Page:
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What is Asthma?
Asthma is a condition that affects more than 25 million Americans. It is the most common chronic disease in children, although it can affect people of all ages.  Asthma causes your airways to become narrow, which makes breathing more difficult. Moderate and severe asthma can have a negative effect on a patient’s quality of life.
Asthma varies from person to person. When asthma symptoms occur, they can range from mild to severe. Some patients may have regular flare-ups and asthma attacks. However, other patients may go long periods of time without an asthma flare-up or only suffer asthma symptoms when they are exercising. 
Although there is no known cure for asthma, medications are available that can keep the symptoms of asthma controlled. Long-term medications include corticosteroids such as Flovent HFA (fluticasone) and combination medications such as Advair HFA (fluticasone/salmeterol). Doctors may also prescribe a quick-relief inhaler to relieve a sudden asthma attack or to prevent an asthma attack before exercising. A common rescue inhaler is Ventolin HFA (albuterol). Depending on the severity of asthma and the frequency of asthma attacks, some patients will use both long-term and quick-relief inhalers.
a. Symptoms of Asthma
It is well-known that one of the main symptoms of asthma is difficulty breathing. This can take the form of many different symptoms. The most easily identifiable sign of breathing problems is having shortness of breath or feeling like you cannot get enough air. This can result in the patient breathing rapidly in order to inhale enough oxygen. A quick-relief inhaler is often used during this event.
As well as shortness of breath, asthma can also cause other breathing troubles, including coughing, chest tightness, and wheezing. Wheezing while exhaling is a common sign of childhood asthma. All of these symptoms of asthma may also cause sleeping problems. 
Causes of Asthma
Asthma occurs when the airways become inflamed and swell after coming into contact with a trigger. The swelling of the airways reduces the amount of air that can pass through, causing breathing difficulty, wheezing, coughing, and chest tightness.
The exact cause of asthma is not known. However, researchers believe that it is caused by a mixture of genetic and environmental factors. The World Health Organization believes that these two factors play an equal role in patients developing asthma.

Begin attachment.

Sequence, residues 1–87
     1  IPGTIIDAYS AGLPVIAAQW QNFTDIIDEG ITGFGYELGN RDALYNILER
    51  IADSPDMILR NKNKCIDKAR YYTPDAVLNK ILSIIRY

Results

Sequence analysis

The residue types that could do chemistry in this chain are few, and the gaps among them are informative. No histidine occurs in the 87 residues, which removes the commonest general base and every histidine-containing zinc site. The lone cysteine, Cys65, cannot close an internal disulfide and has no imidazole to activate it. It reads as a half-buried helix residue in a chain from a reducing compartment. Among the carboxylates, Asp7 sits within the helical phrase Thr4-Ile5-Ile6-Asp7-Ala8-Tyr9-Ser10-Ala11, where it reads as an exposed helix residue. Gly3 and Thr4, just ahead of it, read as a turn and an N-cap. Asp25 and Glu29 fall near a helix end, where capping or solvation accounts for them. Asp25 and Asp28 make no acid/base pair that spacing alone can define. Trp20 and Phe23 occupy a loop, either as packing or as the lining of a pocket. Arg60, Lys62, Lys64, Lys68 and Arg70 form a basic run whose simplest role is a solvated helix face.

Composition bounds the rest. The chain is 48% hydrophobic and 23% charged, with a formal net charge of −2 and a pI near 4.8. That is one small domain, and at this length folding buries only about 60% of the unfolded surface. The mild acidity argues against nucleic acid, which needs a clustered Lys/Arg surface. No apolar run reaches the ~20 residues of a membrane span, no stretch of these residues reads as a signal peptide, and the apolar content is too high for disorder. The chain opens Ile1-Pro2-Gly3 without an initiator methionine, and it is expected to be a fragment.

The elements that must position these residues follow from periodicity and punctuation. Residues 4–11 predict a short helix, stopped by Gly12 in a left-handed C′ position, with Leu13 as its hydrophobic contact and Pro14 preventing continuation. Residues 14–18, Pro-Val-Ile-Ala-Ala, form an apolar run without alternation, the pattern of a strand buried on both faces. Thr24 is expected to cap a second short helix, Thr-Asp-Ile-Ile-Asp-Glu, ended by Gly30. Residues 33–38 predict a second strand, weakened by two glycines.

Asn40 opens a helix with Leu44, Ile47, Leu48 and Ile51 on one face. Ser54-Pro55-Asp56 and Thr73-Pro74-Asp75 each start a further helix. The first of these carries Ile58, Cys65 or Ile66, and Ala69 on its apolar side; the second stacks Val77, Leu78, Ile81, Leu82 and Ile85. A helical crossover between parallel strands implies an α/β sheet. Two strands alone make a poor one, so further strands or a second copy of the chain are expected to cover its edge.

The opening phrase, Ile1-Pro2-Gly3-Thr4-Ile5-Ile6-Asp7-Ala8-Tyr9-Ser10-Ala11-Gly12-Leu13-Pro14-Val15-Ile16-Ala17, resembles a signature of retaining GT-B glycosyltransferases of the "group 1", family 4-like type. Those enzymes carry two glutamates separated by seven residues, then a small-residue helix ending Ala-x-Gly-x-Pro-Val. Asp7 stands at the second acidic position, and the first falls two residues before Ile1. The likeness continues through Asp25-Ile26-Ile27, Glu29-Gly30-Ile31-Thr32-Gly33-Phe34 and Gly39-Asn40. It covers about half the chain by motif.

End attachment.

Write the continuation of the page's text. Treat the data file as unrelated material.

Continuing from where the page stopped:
It is very common for asthma patients to also have close relatives with the condition. However, genetics is not the only cause of asthma and many patients develop the condition without having a family history of asthma.
Air quality and air pollution can be key factors in developing asthma, especially when asthma develops during adulthood. Around eighty percent of asthma patients are allergic to things that can be found in the air. These include grass, pollen, dust mites, and animal dander. 
Other environmental factors that may affect developing asthma include exposure to pollution, exhaust fumes, chemicals, and second-hand smoke. These chemicals in the air can irritate airways and cause them to swell or become inflamed, similar to what occurs during an asthma attack.
As well as genetic and environmental causes, there are other risk factors that may increase your risk of developing asthma such as being overweight or smoking.
As previously mentioned, some asthma patients suffer from asthma attacks and asthma symptoms regularly. Other patients may only display the symptoms of asthma very infrequently or during exercise.
Different people have different triggers that cause an asthma flare-up, although some triggers are more common than others.
Exercise is the most well-known trigger of asthma flare-ups and affects around four-fifths of people with the condition. Often, exercise is the primary trigger of symptoms and many asthma patients use an inhaler as a precaution before beginning exercise. A slow warmup can help prevent asthma symptoms from returning 6-10 hours after exercise. 
As mentioned previously, most asthma patients have allergies to things found in the air. Substances, including pollen and dust, can cause flare-ups of asthma. These are often the same substances that cause hay fever.
As well as allergens in the air, food allergies may also occasionally trigger asthma symptoms.
Smoke can trigger asthma flare-ups. This can be a result of the asthma patient smoking or inhaling second-hand smoke. As well as triggering an asthma flare-up, smoking can worsen asthma symptoms such as coughing, disturb your sleep and lessen the effects of asthma medication. 
d. Air Pollution
Air pollution can be a key factor in causing asthma and can also trigger existing asthma. Those with severe asthma can find out the air quality in their area online, from television, or radio so they can plan their outdoor activities.
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